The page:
Emotional Communication Between Surgeons and Parents Observed


Surgeons were less likely to explore the emotions of parents from racial and ethnic minority groups compared with White parents.

Grace Leu, MD

Grace Leu, MD

A new cross-sectional study found that emotional communication occurs between surgeons and patents of pediatric patients with obstructive sleep-disordered breathing (SDB). However, the variety of surgeon responses according to parental race and ethnicity suggested the existence of implicit biases in surgeon-patient communication, prompting investigators to call for further research to inform efforts to promote family-centered and culturally aware communication in surgery.

Though the benefits of patient-centered communication have been well studied, leafing to greater satisfaction, treatment adherence and clinical outcomes, little is known of the emotional communication between parents and surgeons.

Investigators led by Grace Leu, MD, Department of Otolaryngology at Johns Hopkins School of Medicine, Baltimore, believed that understanding the patterns and correlates of emotional communication would foster collaboration during surgical consultations.

As such, the team set out to describe the emotional expressions by parents when bringing their child for evaluation of SDB in addition to surgeon responses to these emotional expressions in an attempt to evaluate the association between parental demographic characteristics and surgeon response types.

The Methods

The team collected data from a larger study on shared decision-making in consultations for pediatric tonsillectomy.

From April 1, 2016 to May 31, 2017, parents of children aged 2-17 years who were newly evaluated for tonsillectomy at the 3 outpatient sites were identified through electronic records and contact by telephone.

Parents and surgeons were tasked with completing a baseline demographic questionnaire prior to the consultations, which were audio recorded and transcribed.

Parents received $40 as compensation for the baseline questionnaire and the audio recording of their visit. Surgeons received $250 for allowing fewer than 15 of their patients to be enrolled and audio recorded in the study.

From there, the Verona Coding Definitions of Emotional Sequences (VR-CoDES) was developed to measure emotional communication between clinicians and patients with a focus on adverse emotional expressions.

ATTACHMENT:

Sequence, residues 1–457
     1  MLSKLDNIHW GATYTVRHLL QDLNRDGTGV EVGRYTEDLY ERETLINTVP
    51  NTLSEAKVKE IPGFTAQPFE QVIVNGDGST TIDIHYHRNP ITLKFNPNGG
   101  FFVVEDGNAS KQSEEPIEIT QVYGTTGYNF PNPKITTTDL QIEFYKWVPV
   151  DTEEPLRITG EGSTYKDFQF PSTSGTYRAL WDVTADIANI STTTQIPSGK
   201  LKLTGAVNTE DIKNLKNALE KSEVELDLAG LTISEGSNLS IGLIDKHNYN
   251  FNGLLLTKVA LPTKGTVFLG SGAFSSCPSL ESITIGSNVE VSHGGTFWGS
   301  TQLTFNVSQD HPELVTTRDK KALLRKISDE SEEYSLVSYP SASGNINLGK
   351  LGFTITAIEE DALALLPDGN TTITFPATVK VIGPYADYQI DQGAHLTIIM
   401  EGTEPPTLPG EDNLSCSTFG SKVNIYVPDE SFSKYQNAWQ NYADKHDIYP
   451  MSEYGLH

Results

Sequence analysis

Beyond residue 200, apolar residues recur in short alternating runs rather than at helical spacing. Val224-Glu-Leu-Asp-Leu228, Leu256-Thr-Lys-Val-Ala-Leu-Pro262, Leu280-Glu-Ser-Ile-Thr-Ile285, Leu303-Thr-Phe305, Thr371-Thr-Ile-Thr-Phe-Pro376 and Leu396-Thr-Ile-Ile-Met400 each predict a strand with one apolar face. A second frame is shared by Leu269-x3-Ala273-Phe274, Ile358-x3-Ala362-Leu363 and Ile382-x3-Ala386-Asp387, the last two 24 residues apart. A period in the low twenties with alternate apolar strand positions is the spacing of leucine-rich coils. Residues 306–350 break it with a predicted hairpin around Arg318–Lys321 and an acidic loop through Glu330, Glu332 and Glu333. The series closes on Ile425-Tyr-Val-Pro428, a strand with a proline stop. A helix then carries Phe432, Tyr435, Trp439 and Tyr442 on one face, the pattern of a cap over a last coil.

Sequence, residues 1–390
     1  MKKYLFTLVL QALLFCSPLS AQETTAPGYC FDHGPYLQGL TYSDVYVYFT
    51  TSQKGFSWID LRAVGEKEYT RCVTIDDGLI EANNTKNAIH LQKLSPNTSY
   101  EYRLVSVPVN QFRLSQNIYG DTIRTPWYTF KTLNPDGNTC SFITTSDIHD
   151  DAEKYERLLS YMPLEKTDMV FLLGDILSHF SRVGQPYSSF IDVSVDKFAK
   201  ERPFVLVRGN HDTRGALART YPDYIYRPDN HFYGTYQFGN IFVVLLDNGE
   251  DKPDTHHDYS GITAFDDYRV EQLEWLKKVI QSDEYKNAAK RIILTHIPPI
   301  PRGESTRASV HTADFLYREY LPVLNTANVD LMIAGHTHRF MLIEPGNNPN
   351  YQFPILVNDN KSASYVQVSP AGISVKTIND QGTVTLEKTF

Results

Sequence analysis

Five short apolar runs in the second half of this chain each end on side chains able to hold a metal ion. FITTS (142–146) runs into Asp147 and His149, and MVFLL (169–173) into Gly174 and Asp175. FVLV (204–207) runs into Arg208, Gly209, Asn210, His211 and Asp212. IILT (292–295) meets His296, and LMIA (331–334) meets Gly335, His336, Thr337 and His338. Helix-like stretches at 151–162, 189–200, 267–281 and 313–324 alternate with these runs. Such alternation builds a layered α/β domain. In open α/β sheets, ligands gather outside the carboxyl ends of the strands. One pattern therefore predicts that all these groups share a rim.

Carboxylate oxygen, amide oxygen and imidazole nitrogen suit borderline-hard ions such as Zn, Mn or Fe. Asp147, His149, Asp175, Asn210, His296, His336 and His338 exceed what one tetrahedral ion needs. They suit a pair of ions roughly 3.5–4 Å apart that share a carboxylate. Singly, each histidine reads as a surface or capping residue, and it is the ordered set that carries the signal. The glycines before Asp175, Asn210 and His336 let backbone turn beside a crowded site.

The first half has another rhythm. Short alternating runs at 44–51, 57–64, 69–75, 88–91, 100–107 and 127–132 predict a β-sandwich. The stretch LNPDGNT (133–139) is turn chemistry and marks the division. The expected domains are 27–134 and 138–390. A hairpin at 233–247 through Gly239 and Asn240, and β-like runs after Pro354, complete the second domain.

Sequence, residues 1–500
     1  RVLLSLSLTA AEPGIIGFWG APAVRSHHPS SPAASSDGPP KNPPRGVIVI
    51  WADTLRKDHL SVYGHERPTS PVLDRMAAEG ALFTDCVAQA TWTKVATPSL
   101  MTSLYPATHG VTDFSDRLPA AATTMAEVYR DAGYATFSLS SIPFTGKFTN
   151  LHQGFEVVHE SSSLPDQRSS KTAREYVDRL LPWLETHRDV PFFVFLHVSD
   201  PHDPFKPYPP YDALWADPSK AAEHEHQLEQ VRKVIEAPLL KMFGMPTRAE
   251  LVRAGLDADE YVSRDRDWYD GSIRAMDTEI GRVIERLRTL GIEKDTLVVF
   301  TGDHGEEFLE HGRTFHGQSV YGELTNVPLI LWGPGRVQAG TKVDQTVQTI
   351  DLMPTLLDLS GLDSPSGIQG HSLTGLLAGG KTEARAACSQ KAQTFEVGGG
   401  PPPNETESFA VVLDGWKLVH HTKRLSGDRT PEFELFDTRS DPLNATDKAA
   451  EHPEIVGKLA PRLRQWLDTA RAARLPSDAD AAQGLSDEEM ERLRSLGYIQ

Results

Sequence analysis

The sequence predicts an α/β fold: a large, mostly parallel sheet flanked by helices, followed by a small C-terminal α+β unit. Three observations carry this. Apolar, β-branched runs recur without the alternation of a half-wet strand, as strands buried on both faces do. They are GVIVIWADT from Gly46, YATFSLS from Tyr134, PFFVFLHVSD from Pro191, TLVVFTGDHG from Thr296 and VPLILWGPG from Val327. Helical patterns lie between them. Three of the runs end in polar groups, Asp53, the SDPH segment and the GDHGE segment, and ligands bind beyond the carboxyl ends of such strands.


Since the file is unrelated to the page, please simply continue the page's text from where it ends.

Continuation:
Parental expressions of unfavorable emotions were classified as either cues or concerns, the latter being defined as an “unambiguous expression of an unpleasant emotion that is explicity verbalized”. Parental cues would be further classified into 7 categories (A-G) on the basis of communication method (verbal vs. nonverbal) and language style.

Space provision indicated whether the surgeon provided an opportunity for further elaboration from a parent, and the categorization of all of the surgeon responses, detailed definitions, and examples from the transcript of the recording were also documented.

The Findings

Investigators selected 149 eligible families, with 59 parents (39.6%) agreeing to participate and to have their consultation audio recorded.

Parent participants had a mean (SD) age of 33.9 (6.4) years and were predominantly women (n = 53 [89.8%]), with 6 men (10.2%).

Regarding race and ethnicity, 1 parent (1.7%) identified as Asian, 22 parents (37.3%) as African American, 5 parents (8.5%) as Hispanic/Latino, and 30 parents (50.8%) as White individuals, and only 1 parent (1.7%) identified under the “Other” option, specifying Trinidadian.

Of the 59 consultations, 40 (67.8%) contained at least 1 emotional expression.

Investigators observed that parents made 123 distinct emotional expressions (mean [SD], 3.08 [2.29] expressions per visit), which were often expressed as subtle cues (n = 103 of 123 [83.7%]) compared to explicit concerns (n = 20 [16.3%]). Most expressions (n = 98 [79.7%]) were related to medical issues experienced by the child (eg, symptoms and surgical risks).

A majority of surgeon responses provided parents space for elaboration of emotional expressions (n = 86 [69.9%]) and were nonexplicit (n = 55 [44.7%]).

However, surgeons were less likely to explore the emotions of parents from racial and ethnic minority groups compared with White parents (OR, 0.47; 95% CI, 0.18-0.98).

“These findings highlight the need for increased awareness of the implicit biases in surgeon-patient communication and call for further research to inform efforts to promote family-centered, culturally competent communication in surgery,” the team wrote.

The study, "Parental Expression of Emotions and Surgeon Responses During Consultations for Obstructive Sleep-Disordered Breathing in Children," was published online in JAMA Ontolaryngology.

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